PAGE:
by Jessica on December 3, 2015 6418
I do not understand what I hate more: when I finish my taco or when I finish my margarita.
Both are similarly dismal, which is why in this case I just opted for a beer.
And an overload of tacos for … myself.
In real high maintenance millennial style, I find it imperative to have tasty, easy and various dinners during the month of December or else everything begins tasting like brie cheese with cranberries chased after by sliced up salami and maybe a sugar cookie.
Which sounds horrific, truthfully.
But I always wish to have a few nights where we simply consume “regular” food (as Eddie would state) and aren’t consuming holiday party fare– and I also want those nights of food to still be fun and possibly brand-new and exciting and not just my go-to kale salad or clean-out-the-fridge pasta.
So perhaps this isn’t always classified as REGULAR food but it definitely loads the best flavor punch, is simpler than it appears and provides you an outstanding excuse to have a margarita.
Wait. Who requires an excuse?
Keep in mind time out? Conserved By the Bell, Zack Morris and his gigantic phone? He timed out all the time and life simply stopped. Reality, do it.
Let’s please talk about these delicious fluffy and puffy tortillas. Look at ’em! I do not even know what to do with life. FLUFFY. We are speaking about taco pillows. A cloud for my melted cheese and beef.
Frankly, I also enjoy this meal due to the fact that it’s indulgent and scrumptious adequate to serve to some buddies (or, um, yourself) when you want comfort food. And simply a different version of a taco, you know?
I don’t want a brand-new variation of a taco, stated no one ever.
So. Puffy tacos are corn tortillas that are fried for a few seconds till they puff up and hold that shape. The texture is INCREDIBLE. Specifically if you’re a texture person. I don’t understand whatever about authentic puffy tacos, but I think the best are made with masa flour and it’s generally suggested that you make your own, right there on the area.
Handling a large pot of scalding hot oil sufficed for me to deal with while having a clingy snuggabug at my toes, so I figured I ‘d provide it a try and try a few of my preferred shop bought corn tortillas– and it completely worked! The key is having a look at the component list, trying to find that masa and going from there. I utilized the la tortilla factory yellow corn tortillas because we are addicted. So I can guarantee you that those ones work. Buuuut I most likely just bought them all from your shop so there’s that.
I did a classic beef taco since it was exactly what I was yearning. Utilized my go-to skilled hamburger that I can make with my eyes closed– I probably make this with chicken, turkey or beef a minimum of three or four times a month for whatever from salads to enchiladas to nachos. It also freezes fantastic too!
Here’s what other freaky things I did:
I made a little fast pico, simply some sliced tomatoes, diced red onion, torn cilantro, lime juice and salt. Good. I like keeping this in the refrigerator for a day or two and using it on everything. Pico your life.
And I carefully shredded some Monterey jack cheese. That’s IT. 3 things is all your requirement: beef, pico, cheese. It’s getting stuffed right in the taco and pushed in your face. Nothing else needed today. Except the beer.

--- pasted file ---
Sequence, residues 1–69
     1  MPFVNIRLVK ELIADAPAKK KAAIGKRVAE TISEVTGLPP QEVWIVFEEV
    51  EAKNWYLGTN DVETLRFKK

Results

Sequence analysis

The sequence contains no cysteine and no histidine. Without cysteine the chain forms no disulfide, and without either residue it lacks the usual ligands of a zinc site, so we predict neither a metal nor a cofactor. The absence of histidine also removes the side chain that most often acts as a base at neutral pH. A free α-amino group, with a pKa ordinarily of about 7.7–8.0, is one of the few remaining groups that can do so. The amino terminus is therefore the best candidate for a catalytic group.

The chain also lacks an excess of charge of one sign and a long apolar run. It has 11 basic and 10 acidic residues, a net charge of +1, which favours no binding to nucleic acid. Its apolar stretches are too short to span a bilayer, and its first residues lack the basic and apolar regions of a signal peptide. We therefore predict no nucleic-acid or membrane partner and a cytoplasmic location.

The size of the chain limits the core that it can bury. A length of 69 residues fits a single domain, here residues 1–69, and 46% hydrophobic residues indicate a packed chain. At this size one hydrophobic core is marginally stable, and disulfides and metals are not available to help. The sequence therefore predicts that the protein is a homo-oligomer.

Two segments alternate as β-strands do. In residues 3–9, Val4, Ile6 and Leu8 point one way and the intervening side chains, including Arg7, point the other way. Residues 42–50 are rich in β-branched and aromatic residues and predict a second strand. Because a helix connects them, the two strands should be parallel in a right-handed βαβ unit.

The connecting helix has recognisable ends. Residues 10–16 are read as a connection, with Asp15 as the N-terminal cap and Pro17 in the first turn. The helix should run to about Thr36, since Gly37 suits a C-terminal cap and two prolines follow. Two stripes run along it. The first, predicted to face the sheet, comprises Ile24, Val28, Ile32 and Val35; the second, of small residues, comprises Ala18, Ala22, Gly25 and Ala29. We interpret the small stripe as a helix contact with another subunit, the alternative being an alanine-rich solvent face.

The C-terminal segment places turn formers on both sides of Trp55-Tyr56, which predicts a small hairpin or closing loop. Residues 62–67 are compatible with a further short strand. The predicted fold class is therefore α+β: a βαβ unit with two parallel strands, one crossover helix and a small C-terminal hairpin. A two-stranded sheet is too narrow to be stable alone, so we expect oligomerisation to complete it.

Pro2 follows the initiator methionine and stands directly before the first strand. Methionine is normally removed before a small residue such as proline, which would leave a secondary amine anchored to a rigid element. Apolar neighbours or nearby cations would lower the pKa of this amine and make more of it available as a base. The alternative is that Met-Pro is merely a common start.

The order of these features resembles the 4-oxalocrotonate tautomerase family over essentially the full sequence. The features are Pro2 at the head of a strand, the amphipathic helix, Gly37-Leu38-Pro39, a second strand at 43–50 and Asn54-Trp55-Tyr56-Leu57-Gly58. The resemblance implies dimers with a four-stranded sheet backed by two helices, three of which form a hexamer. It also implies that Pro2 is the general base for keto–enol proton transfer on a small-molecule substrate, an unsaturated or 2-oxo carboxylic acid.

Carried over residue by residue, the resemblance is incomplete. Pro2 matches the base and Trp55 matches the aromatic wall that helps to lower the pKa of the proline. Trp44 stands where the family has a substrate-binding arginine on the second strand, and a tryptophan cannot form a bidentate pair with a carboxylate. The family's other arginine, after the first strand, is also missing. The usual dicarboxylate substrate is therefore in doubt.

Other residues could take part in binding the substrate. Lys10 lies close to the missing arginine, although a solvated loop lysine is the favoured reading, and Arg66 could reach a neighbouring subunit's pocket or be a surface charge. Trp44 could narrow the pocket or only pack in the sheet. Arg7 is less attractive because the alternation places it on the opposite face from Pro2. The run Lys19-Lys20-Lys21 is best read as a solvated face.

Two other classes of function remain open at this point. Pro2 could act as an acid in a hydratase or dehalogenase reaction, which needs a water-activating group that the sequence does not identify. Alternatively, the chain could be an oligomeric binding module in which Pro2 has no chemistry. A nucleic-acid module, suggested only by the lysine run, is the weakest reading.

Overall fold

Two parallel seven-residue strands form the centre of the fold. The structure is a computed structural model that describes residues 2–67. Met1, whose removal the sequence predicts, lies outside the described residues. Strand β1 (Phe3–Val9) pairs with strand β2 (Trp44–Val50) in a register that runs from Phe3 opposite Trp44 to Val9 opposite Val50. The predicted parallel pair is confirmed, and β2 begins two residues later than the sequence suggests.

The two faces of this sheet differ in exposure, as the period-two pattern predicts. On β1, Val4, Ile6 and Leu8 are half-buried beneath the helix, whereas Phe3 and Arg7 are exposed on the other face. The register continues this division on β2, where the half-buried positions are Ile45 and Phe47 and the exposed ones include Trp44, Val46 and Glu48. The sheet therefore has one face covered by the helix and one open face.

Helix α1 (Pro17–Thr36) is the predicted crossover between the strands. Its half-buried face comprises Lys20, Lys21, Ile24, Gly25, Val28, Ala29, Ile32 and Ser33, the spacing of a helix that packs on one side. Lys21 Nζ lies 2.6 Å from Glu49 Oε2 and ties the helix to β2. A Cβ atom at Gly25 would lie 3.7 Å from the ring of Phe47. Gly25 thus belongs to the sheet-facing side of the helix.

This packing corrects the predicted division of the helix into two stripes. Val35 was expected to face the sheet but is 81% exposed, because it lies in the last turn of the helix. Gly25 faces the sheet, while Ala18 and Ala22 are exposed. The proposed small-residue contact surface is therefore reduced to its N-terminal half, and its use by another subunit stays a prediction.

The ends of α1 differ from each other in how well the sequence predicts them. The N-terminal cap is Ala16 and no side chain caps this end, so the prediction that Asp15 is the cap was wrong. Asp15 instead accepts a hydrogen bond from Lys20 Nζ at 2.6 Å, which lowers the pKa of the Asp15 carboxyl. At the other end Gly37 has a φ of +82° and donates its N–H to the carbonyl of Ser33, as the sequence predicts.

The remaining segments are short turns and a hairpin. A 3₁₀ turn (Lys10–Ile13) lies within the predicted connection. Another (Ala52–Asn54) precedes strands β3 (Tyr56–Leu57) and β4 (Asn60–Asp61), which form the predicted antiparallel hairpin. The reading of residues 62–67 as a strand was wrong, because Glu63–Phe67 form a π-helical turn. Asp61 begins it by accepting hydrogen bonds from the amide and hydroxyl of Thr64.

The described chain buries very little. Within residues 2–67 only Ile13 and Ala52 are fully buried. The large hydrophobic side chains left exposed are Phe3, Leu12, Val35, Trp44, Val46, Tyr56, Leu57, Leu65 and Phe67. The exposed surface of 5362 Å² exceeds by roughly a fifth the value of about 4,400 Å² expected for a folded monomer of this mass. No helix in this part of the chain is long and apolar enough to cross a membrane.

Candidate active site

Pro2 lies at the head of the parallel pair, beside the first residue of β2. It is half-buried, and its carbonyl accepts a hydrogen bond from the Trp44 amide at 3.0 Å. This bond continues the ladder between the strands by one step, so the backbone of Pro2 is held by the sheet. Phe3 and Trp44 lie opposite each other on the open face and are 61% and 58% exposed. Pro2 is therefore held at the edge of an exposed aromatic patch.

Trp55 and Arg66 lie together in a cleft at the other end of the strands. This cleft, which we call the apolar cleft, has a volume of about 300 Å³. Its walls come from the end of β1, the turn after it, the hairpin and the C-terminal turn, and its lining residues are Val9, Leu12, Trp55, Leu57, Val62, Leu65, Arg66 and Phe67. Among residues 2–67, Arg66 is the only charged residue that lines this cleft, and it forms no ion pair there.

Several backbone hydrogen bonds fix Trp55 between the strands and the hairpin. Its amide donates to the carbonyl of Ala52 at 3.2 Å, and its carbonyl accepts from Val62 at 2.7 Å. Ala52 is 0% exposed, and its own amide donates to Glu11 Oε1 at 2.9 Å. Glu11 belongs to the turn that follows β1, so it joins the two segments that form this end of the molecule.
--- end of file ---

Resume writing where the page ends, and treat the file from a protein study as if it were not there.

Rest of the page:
Yield: 4 appropriately, 2 obnoxiously
- 8 yellow corn tortillas
- vegetable oil for frying, enough to reach about 3 inches deep in the pot
- 2 tablespoons olive oil
- 1/2 sweet onion, diced
- 2 garlic cloves, minced
- 1 pound lean hamburger
- 1 1/2 teaspoons ground cumin
- 1 teaspoon chili powder
- 1 teaspoon smoked paprika
- 1 teaspoon onion powder
- 1/2 teaspoon salt
- 1/2 teaspoon pepper
- 1/8 teaspoon cayenne pepper
- 1/3 cup low-sodium beef stock
- 6 ounces monterey jack cheese, freshly grated
- lime wedges for spritzing
- 1/2 red onion, diced
- 1/2 cup cherry tomatoes, sliced
- 3 tablespoons chopped fresh cilantro
- juice of 1 lime
- a pinch of salt and pepper
Heat a large pot over medium heat and add adequate grease to come up about 2 to 3 inches high. Heat up until hot– I do not use a sweet thermometer for this, however I evaluate a piece or tortilla and when it starts to fry immediately, the oil is all set. I do not warm it over high heat due to the fact that it can burn quickly. To make the puffy tacos, take a pair of kitchen area tongs and drop one tortilla into the oil. Take the tongs and push down into the center of the tortilla, producing a fold, and hold it there for 20 to 30 seconds, until the tortilla is puffed. Eliminate and put on a paper towel to drain– and repeat!
While you’re waiting on the oil to heat up, heat a big skillet over medium heat. Add the olive oil. Add the onions and garlic, stirring well and prepare up until clear, about 2 minutes. Add in the beef, breaking it up with a big wood spoon. Prepare until browned, about 6 to 8 minutes. In a small bowl, integrate the chili powder, cumin, paprika, onion powder, cayenne, salt and pepper. Include it to the beef and stir well (continuing to separate the pieces of beef with the spoon) till combined, then stir in the stock. Toss well to integrate. Cover and prepare on low heat till the tortillas are ended up. (note: if i ever discover that the stock turns the mixture too watery, i will spray in a spoonful or flour or cornstarch and stir stir, in some cases sprinkling in a bit more stock.)
Put together the tacos by stuffing some beef inside a tortilla, topping it with cheese and including the pico. You can add another spritz of lime if you ‘d like!
Combine all components together in a bowl and mix. This can be stored in the refrigerator in a sealed container for a few days.
I would gladly consume this entire plate and not appreciate disliking life.